Pragmatic, or Handy one Might Say

May 27th

I recently found this poem by Marge Piercy:

“To Be of Use”

The people I love the best
jump into work head first
without dallying in the shallows
and swim off with sure strokes almost out of sight.
They seem to become natives of that element,
the black sleek heads of seals
bouncing like half-submerged balls.

I love people who harness themselves, an ox to a heavy cart,
who pull like water buffalo, with massive patience,
who strain in the mud and the muck to move things forward,
who do what has to be done, again and again.

I want to be with people who submerge
in the task, who go into the fields to harvest
and work in a row and pass the bags along,
who are not parlor generals and field deserters
but move in a common rhythm
when the food must come in or the fire be put out.

The work of the world is common as mud.
Botched, it smears the hands, crumbles to dust.
But the thing worth doing well done
has a shape that satisfies, clean and evident.
Greek amphoras for wine or oil,
Hopi vases that held corn, are put in museums
but you know they were made to be used.
The pitcher cries for water to carry
and a person for work that is real.

We all have those in our lives who are hard workers, dedicated to a cause,  goal or even a paycheck and way of life. Work ethic is such an odd characteristic; one child may receive twice as much as the next from the same nature and nurture. It’s hard to come by if it isn’t instinct, and yet it is equally hard to lose for those who are constantly on the go and need to relax. To be the pitcher, crying for water to carry — I like to think the joy I find in working is also spent in fulfilling a greater purpose.

One of the characteristics I admire most about my father is his unwavering work ethic. He has worked hard, long hours his entire life and done so with a smile, knowing his family would benefit from his toil. He’s the type to trim the lawn and wash the cars before the rest of us were out of bed on Saturday morning. Then again, teaching his children that no job was too small was essential. I remember him making me write a thank you letter to my first employer when I had to leave to move away for college and insisting that if they asked me to clean the bathrooms, to do so with a smile. It was important we have the attitude and ability to take out the trash or to greet the most valued customer.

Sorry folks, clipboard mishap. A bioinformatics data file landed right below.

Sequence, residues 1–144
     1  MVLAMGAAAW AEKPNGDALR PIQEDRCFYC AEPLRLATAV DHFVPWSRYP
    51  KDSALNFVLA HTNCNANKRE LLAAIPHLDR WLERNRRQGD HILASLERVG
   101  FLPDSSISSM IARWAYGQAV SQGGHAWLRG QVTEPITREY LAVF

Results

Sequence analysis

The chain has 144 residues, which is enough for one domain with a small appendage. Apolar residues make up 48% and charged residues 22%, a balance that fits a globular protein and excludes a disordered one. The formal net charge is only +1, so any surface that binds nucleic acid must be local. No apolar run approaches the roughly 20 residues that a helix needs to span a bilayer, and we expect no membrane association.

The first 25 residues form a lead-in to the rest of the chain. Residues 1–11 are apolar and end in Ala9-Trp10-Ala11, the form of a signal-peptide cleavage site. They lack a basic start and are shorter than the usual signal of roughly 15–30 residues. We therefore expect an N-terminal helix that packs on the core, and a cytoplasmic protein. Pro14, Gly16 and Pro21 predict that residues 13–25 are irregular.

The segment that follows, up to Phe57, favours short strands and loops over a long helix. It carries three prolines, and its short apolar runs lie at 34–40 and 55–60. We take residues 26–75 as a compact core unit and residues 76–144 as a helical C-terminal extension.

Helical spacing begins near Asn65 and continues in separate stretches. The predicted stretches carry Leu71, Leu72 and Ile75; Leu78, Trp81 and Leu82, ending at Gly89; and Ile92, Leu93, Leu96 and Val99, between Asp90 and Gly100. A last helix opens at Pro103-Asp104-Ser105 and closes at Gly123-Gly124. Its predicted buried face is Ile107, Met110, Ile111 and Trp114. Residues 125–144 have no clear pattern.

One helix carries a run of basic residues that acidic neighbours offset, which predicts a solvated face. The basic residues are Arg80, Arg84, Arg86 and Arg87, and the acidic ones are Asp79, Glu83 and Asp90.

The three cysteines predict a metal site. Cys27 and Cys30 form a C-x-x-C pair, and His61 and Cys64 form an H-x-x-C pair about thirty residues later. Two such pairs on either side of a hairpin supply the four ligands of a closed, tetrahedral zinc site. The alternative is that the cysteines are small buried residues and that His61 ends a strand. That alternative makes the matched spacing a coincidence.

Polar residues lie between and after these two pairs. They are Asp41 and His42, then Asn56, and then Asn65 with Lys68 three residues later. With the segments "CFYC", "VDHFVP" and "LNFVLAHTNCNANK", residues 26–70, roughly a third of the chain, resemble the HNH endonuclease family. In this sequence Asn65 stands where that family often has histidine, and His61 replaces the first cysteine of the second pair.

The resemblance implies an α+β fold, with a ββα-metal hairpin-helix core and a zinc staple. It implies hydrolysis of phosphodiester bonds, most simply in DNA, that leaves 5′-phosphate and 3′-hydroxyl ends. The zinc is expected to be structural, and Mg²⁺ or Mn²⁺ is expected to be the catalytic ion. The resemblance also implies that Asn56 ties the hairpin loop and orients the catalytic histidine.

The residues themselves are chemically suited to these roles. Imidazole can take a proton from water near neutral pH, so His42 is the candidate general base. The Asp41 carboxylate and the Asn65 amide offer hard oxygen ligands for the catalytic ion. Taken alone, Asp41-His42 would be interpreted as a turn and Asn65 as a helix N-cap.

I’m still not fond of the cleaning, but I appreciate what he’s taught me more today than ever before. Being able to bounce between caring for an office, “lunching” with donors, schmoozing at fundraisers and running after the postman with the mail wouldn’t be possible if my dad hadn’t pushed us to work a bit harder.  I am truly blessed to have such a great example.  (Two, really. My mom was the original domestic engineer.)

I’ve recently been gifted two particularly useful objects.  A pincushion ring from glorious Julia, created by Susannah Rodgers.

April Domestic Bliss 2009 053

April Domestic Bliss 2009 057

Nothing like a little useful bling while you sew!

New software to play with

And Amy Butler’s peeps sent over her new software with two dozen new patterns. Oh my goodness, what summer fun this will be. Friends, expect many a crooked seamed purse and pillow. They may not be perfect, but they will be useful.

~K

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7 Responses

  1. yay for Amy Butler!!! I am a big fan. :)…cute ring too.

  2. AWE!~ Sweet! Cool new gifts too!

  3. love the poem, love your outlook on life!

    so jealous about your new presents!

  4. Debbie May 27, 2009

    A nice poem, a cute ring, and new Amy Bulter patterns to pore over…what a great day for you!

  5. The poem sounds like you!

  6. I am stealing that poem.
    And isn’t it wonderful when inspirational gifts come our way? Have a great one, Kel.

  7. Julia May 28, 2009

    sweet! You’re going to rock those patterns, I just know it. PS — I just tried re-sewing that great pattern you guys sent me last year. Love it, still. Those Amy Butler patterns are so versatile.
    Julia

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